November 11th in Canada is Remembrance Day. A statutory holiday set aside to remember those who have served in World Wars I & II, the Korean War, The Gulf War and those currently in active duty in Afghanistan. A day to be thankful, grateful and remember those who choose to defend me and my fellow Canadians. Our Canadian military.
We are fortunate enough to live in an area where my daughter's school takes Remembrance Day very seriously. They had an hour-long service with the two-minute moment of silence at 11:00 am, video presentations, poems that the students had written, laying of wreathes from each homeroom in the school, Taps and, of course, the recitation of "In Flanders Fields". As always, I sat in the back and sniffled, in awe of those who would choose to serve to protect someone like me, someone they don't even know.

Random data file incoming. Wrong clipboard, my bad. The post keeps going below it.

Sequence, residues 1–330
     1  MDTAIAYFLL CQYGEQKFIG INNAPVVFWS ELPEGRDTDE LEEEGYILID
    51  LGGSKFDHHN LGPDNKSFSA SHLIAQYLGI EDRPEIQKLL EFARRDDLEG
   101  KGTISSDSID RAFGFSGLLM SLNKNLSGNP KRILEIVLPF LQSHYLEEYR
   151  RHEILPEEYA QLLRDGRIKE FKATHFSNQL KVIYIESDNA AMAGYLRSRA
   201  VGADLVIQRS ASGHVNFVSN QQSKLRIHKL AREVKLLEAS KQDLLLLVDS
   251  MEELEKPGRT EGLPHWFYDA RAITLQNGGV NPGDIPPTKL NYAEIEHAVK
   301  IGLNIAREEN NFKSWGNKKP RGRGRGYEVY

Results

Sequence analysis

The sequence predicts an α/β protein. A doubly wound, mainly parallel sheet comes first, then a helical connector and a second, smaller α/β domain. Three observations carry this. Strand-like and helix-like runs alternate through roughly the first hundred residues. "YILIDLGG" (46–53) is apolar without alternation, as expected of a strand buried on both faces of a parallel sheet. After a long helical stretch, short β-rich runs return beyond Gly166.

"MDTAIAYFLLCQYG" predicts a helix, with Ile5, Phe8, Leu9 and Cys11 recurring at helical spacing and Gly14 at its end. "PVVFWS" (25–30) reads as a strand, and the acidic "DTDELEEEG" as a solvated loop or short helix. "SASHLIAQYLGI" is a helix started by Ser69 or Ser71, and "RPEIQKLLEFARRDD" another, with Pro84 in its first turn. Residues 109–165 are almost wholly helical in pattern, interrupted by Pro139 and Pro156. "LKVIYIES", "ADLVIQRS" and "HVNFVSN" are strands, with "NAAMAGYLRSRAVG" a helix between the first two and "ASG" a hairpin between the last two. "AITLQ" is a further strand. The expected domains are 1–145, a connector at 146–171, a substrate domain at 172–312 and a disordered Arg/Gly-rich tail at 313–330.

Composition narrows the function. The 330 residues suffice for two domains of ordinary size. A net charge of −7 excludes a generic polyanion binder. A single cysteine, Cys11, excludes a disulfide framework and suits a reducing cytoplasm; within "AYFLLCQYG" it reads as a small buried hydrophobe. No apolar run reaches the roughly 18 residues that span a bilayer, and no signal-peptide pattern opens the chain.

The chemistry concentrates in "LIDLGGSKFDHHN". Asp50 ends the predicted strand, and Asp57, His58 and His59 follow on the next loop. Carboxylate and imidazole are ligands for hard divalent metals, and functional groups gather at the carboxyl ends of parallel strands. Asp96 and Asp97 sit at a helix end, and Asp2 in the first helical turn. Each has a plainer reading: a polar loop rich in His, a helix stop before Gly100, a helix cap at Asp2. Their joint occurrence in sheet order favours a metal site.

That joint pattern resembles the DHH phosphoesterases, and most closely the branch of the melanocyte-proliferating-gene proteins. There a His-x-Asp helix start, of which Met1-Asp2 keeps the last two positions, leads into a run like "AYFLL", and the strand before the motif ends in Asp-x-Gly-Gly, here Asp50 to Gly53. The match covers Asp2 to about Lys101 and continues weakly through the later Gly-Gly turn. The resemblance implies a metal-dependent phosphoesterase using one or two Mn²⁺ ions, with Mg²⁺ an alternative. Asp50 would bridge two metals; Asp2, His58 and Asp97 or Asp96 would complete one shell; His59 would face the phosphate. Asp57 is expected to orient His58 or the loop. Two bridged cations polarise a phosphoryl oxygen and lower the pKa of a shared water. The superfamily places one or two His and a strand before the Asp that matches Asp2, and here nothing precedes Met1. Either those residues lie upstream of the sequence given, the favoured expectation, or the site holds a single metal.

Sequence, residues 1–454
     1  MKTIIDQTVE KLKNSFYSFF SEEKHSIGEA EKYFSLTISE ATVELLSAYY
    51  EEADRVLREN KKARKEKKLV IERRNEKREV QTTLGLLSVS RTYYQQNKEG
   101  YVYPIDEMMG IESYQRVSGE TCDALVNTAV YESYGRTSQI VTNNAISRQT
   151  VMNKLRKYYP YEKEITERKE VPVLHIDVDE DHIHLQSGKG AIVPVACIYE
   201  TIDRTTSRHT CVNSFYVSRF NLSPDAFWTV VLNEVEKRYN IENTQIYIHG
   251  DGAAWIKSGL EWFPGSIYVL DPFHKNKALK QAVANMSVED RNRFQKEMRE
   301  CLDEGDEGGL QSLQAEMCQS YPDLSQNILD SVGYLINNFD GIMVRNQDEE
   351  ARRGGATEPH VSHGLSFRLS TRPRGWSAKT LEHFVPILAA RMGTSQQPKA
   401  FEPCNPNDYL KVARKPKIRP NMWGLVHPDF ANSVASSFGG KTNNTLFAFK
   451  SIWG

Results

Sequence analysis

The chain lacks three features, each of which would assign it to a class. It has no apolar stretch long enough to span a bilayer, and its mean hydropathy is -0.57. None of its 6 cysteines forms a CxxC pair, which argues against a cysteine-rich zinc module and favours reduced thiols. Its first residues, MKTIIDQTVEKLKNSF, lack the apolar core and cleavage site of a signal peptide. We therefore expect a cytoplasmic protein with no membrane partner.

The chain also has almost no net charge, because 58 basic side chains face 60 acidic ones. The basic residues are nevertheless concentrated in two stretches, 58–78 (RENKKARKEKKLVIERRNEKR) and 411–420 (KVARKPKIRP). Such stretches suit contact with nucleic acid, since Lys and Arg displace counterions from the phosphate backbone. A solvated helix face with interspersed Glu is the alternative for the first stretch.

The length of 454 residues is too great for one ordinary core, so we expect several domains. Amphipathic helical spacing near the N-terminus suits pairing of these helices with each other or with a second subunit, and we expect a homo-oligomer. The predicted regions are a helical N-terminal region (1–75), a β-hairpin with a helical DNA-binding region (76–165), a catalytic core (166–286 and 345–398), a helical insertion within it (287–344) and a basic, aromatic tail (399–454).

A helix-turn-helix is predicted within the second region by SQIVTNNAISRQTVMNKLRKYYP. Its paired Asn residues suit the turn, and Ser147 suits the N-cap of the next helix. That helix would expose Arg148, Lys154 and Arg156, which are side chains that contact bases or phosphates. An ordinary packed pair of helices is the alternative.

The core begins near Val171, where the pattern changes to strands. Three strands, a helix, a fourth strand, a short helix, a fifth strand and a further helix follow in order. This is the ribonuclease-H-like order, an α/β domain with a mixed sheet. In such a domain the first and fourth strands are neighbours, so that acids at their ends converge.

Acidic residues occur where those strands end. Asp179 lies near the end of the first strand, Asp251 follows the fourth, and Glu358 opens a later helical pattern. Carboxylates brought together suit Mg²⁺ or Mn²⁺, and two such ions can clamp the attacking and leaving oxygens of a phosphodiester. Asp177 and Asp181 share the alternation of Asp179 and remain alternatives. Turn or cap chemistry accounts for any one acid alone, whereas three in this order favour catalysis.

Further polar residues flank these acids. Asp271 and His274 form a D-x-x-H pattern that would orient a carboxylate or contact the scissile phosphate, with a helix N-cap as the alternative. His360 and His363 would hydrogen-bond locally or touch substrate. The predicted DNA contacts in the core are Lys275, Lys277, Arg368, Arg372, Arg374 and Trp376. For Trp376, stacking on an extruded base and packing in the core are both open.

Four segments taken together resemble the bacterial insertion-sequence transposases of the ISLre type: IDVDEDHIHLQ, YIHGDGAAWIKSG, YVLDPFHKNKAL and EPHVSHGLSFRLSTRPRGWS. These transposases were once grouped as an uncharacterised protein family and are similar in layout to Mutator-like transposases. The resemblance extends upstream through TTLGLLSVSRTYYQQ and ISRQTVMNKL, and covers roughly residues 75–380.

This year is even harder for Canadians since it the first year in a long-time that our military is serving in active, war duty and not peace-keeping duty.
On Saturday, November 11th, we went to our neighbouring university for the official Remembrance Day ceremony. The service is getting longer and longer as there are more and more wreathes laid for those "in memory of" and the parade of veterans is getting shorter and shorter as more veterans pass on each year. What will Remembrance Day be like when all the veterans are gone or will there always be veterans since there will always be war somewhere in the world? That is the question.
Our newishly-elected federal government has a different foreign policy than the governments before it and I don't think it is truly reflective of what Canadians want. However, our troops are in active duty and we must support and pray for them and the people they are trying to help. And all those men and women, some of them barely into adulthood, who had such a spirit of honor and adventure that they would risk their lives for the good. Talk about "shock and in awe!"
"In Flanders Fields the poppies blow, between the crosses row on row..."